Our friends in Austin have been BUSY during this, the oddest of years. In years past, the Grapes and Friends have created a swanky jam to add to their already substantial Christmas repertoire, and to be performed at their annual Christmas Extravaganza! Of course, the usual extravaganzas are on hold this year, but that has not stopped this juicy crew from planning a big, virtual party! There will be singalongs, cocktails and shenanigans! Hell, I might even be able to finally tick one of those bucket-list Christmas parties off my list! This year’s song keeps in the recent Grapes’ style, mixing equal parts Beck’s Midnight Vultures, the Bee Gees and Prince. Move this song onto that playlist of hopeful, happy songs that have come out of this lockdown year. Next Christmas is going to be amazing, and the Grapes will be there to woo you with their falsetto seductions and slinky basslines.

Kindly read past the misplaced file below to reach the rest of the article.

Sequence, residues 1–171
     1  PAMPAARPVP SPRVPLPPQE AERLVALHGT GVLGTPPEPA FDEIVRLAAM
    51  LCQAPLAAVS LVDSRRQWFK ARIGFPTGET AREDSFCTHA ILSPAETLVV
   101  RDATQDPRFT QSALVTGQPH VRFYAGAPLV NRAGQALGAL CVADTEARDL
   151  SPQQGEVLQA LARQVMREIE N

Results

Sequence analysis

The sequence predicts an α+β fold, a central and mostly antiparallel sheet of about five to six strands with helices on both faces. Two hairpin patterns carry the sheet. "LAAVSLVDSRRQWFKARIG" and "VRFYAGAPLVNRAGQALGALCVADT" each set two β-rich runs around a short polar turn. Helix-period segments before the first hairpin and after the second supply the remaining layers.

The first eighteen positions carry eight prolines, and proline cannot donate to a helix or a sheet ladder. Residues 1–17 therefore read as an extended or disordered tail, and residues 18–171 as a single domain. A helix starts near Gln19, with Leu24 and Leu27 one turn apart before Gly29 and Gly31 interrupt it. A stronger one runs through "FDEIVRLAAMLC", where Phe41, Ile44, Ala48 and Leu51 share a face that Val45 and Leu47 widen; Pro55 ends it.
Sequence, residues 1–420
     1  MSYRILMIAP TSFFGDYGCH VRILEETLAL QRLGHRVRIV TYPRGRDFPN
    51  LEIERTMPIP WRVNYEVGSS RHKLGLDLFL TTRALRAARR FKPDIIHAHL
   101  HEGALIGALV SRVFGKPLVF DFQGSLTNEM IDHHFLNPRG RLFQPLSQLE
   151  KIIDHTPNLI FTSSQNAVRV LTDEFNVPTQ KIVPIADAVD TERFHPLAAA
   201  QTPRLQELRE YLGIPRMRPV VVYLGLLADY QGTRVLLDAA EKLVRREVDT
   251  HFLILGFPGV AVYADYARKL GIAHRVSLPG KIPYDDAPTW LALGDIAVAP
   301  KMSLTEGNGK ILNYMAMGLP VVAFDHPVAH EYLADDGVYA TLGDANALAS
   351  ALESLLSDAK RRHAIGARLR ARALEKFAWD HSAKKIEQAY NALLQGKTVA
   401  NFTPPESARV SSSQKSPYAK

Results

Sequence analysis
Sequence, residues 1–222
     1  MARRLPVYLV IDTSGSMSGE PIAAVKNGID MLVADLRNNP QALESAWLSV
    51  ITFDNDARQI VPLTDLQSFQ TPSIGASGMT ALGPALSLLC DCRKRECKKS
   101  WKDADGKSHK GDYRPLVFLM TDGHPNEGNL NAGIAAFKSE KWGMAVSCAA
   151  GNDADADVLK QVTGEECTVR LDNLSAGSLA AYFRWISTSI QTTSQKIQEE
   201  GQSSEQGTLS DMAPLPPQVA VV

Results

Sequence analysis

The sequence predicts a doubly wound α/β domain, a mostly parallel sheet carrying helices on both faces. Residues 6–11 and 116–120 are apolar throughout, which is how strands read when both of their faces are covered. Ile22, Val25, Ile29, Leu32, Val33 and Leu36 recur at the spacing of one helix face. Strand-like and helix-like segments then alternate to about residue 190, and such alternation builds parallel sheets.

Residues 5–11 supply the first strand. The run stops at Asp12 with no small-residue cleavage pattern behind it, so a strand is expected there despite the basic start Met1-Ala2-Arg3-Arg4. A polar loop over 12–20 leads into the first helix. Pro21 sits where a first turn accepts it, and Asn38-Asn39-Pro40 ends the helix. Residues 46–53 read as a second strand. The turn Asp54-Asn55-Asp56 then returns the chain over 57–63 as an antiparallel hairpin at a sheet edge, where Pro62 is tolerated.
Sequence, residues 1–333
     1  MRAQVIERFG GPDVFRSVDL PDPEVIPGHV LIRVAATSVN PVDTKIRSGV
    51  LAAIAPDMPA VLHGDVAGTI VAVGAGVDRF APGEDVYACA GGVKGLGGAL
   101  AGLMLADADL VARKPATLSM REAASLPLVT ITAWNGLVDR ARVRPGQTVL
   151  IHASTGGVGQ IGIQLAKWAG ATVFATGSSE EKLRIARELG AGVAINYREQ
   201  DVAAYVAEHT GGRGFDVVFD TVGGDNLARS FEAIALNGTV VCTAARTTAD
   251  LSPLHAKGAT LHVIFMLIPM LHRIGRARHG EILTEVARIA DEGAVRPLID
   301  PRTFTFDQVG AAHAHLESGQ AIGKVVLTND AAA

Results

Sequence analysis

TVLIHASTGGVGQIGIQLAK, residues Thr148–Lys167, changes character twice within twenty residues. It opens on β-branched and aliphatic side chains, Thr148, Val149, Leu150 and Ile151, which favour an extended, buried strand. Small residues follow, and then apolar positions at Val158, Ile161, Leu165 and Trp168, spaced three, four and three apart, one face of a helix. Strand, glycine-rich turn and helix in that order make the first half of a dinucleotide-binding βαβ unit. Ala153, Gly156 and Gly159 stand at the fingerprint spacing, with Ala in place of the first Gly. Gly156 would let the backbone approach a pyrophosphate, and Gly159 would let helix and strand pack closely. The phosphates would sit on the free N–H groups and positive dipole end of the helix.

• Live performances by the Grapes & Friends • Updates on Boy Christmas’ journey to finally see The Grapes & Friends live in Austin • Exclusive preview of Jack Frost’s latest thriller feature length film • Special guest appearances by some of our celebrity friends • Debut of this year’s Christmas Single music video • Singalongs, audience participation and more!
Bottom Line: The Grapes and Friends are pure, uncut fun. That bridge is gonna get you off your damn ass, no doubt.